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The Gay Revolution, by Lillian Faderman.

May 12, 2015

The Gay Revolution: The Story of the Struggle, by Lillian Faderman.  New York : Simon & Schuster, 2015.

Four stars

An essential book about the movement to include gays, lesbians, bisexual and transgender people in U.S. society from the 1950s to the present.

Lillian Faderman has long been a leading figure researching and writing about lesbian history. In the early 1980s, she began publishing books that introduced us all to lesbians from the past giving a historical validation to the lesbians who were suddenly speaking out around us. Since then she continued her careful scholarship and has won numerous awards for her books. Now, in The Gay Revolution, she tells a comprehensive story of the movement for lesbians, gay men and other sexual outsiders to be fully accepted in U.S. society.

This is a massive 8oo-page book surveys an enormous story (660 pages of text, 140 of notes), but it does not read like a survey. Faderman is primarily a storyteller and her book reads smoothly and easily. She skillfully structures her narrative in chapters, each focusing on a particular time or situation. She herself lived through these years as a lesbian in a long-term relationship. In addition she relies heavily on an immense body of interviews that she and others of collected. She tells her story from the viewpoint of those who led the movement, bringing life and excitement into events. Because of her interviews she is able to describe participants as they saw each other so we can understand individuals and sense how their personalities helped or hurt their relations with others.

The book opens with accounts of the brutality and aggression of those out to destroy homosexuality in the 1950s, a time when everyone from the F.B.I. to local police assumed that those attracted to others of the same sex were destructive to American life. Because they were viewed as threatening to American values, lesbian and gays were methodically tracked down and locked up on jails or mental hospitals. Careers and lives were ruined as public opinion was widely supportive of such measures. Changes came gradually with such treatment of gays still occurring even after legal battles were achieved.

As Faderman explains, homosexual individuals belong to all segments of American life and it is no surprise that their internal strife was a part of their movements. While her overall sympathy with their cause is obvious, she writes of the divisions within the movements with fairness and clarity. When gays and lesbians first began to protest their treatment as “criminals or crazies,” they were careful to present themselves as respectable. They wore suits, dresses and high heels and kept their early protests with dignity. Then in 1969 at Stonewall, a crowd of predominantly gay men fought back when police tried to raid a gay bar. Like other movements of the 60s and 70s, the movement split into reformers who sought change within the established power networks and those who took to the streets fighting and provoking those whom they viewed as oppressive. Often they used humor and ridicule to call attention to the denial of their basic rights, practices continuing into ACTUP and gay Pride parades.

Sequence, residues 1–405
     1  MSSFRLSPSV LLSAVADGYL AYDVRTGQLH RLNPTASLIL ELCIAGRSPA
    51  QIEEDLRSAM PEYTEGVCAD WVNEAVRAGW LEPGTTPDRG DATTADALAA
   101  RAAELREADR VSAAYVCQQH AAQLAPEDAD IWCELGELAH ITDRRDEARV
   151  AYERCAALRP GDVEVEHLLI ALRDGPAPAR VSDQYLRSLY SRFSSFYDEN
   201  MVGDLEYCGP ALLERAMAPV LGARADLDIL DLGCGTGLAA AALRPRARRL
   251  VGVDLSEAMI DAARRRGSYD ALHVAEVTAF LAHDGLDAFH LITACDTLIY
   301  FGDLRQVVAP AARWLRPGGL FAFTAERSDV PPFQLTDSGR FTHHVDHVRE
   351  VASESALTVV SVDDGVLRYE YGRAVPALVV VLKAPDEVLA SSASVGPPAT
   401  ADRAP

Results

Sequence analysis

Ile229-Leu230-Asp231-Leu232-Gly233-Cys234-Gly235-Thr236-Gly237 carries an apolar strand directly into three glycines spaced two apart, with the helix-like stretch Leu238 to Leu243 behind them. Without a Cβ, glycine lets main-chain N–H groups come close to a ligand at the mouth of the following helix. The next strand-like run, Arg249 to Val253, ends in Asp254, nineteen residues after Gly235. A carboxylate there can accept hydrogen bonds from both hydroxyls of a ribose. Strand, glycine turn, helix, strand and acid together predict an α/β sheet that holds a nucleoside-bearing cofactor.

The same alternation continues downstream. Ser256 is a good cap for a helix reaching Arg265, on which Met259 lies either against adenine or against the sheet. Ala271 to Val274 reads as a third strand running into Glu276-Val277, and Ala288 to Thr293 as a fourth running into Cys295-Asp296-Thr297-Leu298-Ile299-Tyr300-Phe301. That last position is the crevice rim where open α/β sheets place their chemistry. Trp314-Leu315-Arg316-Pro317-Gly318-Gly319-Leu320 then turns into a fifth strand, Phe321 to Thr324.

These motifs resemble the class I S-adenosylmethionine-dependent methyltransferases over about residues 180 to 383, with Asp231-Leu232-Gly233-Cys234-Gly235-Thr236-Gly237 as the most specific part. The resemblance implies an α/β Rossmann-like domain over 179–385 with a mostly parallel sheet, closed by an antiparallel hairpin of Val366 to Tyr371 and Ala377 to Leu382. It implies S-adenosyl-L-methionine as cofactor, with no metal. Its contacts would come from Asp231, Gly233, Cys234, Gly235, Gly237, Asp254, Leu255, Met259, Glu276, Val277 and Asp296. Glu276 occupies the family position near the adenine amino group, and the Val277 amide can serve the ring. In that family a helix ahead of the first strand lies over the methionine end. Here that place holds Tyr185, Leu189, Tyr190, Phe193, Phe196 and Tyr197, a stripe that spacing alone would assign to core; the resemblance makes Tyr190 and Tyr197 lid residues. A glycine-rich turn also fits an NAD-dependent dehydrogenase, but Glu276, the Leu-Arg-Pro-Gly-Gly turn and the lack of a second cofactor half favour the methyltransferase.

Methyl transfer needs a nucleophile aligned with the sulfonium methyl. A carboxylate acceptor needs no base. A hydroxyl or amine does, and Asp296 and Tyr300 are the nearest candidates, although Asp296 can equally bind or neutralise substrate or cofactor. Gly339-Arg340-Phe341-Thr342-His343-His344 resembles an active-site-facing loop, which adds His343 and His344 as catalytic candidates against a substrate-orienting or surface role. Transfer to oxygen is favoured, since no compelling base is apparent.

An additional division surfacing near the same time was over gender. Lesbians had not been as politically active as gay men, usually being about a tenth of the membership of movement organizations. Even before the rise of feminism, they began to be resentful of how gay men tended to use them while ignoring their issues. They were uncomfortable in the predominantly male atmosphere of gay events. Distinguishing themselves from gay men and straight women, they became the radical edge of the emerging Women’s Movement.

Local campaigns led to small legal gains for gays and lesbians in places like Houston and California. A nationally important achievement was the removal of the definition of homosexuality as pathology by the American Psychology Association. But, as Faderman explains, backlash developed. Lesbian, gay, bisexual and transsexual activists fought for family values for themselves. They worked for the rights granted married heterosexual couples, like the right to care for their lovers. Discrimination in the military was another cause for which they fought. The hard work and involvement of the LGBT community and their bravery in speaking out about their identity has led to a major shift in their acceptance in the country today. As I read this book, the U.S. Supreme Court was contemplating making marriage for lesbians and gays legal throughout the country.

I strongly recommend this book. I am not sure that it is “the definite” book of the subject as the publishers claim, because its subject to too big for any book to cover in one volume. Some individuals not included will probably have different stories to tell. The book tells the public story of the fight against discrimination. Others are needed to tell more about daily life for homosexuals in this period. None the less, The Gay Revolution is essential to anyone ready to know more about what sexual diversity has meant in the United States and how a movement developed that challenged its discrimination. Admittedly it is a big book and reading it all is a major commitment. Even readers who only sample a section or two of the book will find it rewarding.

2 Comments leave one →
  1. May 13, 2015 10:40 am

    Interesting observations, Marilyn. 🙂


  1. Favorite Books of 2015 | Me, you, and books

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